by Clare Bell
I've just finished reading this book for the umpteenth time. Several years have passed since the last re-reading, and the story has not lost it vivid impact for me. Ratha's Creature is a fantasy novel featuring prehistoric big cats who speak and have an organized society. The main character is Ratha, young female of a clan called the Named, who herd primitive deer and horses for their livelihood. They are constantly at odds with the less-organized but more numerous Un-Named. Ratha has always thought (as her clan teaches) that the Un-Named lack intelligence and the ability to speak. But sudden events precipitate her out into the world beyond Clan territory, to face a revolution of her beliefs and assumptions. Her doubts begin with unsettling encounters with an Un-Named raider during clan skirmishes. Then a forest fire rages across the land and instead of being terrified, Ratha is fascinated by patches of flame she finds in the remains of trees. She figures out how to control and handle fire and bears it back triumphantly to share with her people- only to be perceived as a threat and thrown into exile. Having been taught herding skills exclusively, Ratha struggles to survive as a solitary hunter until she falls in with the Un-Named themselves...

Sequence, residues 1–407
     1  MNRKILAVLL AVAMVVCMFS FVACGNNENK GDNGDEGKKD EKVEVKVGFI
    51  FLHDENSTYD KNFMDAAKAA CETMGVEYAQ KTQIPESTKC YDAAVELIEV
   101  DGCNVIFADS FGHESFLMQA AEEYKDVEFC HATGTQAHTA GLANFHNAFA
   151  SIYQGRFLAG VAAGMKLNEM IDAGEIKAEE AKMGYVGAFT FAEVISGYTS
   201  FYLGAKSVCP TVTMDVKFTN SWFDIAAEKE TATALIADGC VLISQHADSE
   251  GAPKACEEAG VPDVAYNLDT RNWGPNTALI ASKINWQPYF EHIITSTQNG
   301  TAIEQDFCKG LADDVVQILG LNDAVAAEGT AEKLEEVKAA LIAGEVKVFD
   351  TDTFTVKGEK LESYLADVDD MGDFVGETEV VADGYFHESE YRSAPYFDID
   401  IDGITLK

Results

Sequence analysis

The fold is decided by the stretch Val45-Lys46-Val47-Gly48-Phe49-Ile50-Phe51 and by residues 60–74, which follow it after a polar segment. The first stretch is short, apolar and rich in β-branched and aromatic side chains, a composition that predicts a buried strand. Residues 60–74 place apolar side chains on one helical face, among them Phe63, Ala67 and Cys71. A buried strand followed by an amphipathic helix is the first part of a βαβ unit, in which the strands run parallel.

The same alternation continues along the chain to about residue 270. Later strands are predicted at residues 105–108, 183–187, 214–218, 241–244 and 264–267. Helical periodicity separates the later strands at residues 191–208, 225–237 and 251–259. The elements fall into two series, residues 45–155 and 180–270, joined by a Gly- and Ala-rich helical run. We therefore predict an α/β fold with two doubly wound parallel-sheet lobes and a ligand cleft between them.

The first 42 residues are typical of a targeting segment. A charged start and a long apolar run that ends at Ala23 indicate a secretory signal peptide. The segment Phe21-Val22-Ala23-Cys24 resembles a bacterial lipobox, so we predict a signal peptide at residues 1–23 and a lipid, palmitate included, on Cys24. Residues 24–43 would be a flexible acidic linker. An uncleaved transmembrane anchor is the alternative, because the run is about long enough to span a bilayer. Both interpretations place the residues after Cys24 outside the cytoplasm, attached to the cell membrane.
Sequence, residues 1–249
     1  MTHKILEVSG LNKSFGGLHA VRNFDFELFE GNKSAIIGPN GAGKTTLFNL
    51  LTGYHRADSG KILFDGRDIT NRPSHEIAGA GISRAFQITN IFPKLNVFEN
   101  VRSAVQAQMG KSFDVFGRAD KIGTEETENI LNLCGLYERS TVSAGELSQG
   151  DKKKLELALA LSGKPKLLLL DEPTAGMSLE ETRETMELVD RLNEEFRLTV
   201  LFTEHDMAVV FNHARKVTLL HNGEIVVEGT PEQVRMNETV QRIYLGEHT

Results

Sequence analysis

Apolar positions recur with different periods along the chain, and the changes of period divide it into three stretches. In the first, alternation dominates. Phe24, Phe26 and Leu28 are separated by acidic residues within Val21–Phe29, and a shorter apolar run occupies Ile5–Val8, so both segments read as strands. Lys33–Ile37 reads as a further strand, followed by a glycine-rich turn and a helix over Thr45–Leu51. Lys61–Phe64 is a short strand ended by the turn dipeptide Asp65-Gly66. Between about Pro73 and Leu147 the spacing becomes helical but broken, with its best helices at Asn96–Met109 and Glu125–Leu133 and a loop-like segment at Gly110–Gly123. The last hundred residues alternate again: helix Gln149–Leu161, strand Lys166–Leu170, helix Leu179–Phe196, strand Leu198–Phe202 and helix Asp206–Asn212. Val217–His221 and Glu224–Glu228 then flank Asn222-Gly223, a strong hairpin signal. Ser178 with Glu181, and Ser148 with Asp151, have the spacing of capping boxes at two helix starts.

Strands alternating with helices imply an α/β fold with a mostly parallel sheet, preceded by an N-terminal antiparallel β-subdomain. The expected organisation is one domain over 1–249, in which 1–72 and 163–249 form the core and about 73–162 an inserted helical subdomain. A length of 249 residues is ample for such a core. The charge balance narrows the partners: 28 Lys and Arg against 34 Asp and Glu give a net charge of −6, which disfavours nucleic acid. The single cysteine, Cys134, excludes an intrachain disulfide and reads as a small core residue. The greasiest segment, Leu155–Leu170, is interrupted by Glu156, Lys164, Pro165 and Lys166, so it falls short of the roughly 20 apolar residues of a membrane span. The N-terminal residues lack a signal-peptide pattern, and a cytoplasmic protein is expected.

Ratha's Creature is such a moving story. Every chapter runs high with emotion and pivotal events, firmly rooted in rich descriptions of the environment and the characters' perceptions. One of the things I love most about this book is how it puts the reader inside the feline mind. Rather than relying solely on dialog, the characters communicate a lot via body language, gestures, scents and sounds. Instinct often vies with reason in Ratha's mind. Despite being a cat, she's a very believable character- struggling with feelings of pride and hate, bold and daring one moment, cringing from her own mistakes the next. Her world is one full of savage brutality, and she faces its challenges with a curious, questioning mind, searching for hope and friendship amid moments of betrayal and despair.
Rating: 5/5 ........ 259 pages, 1983
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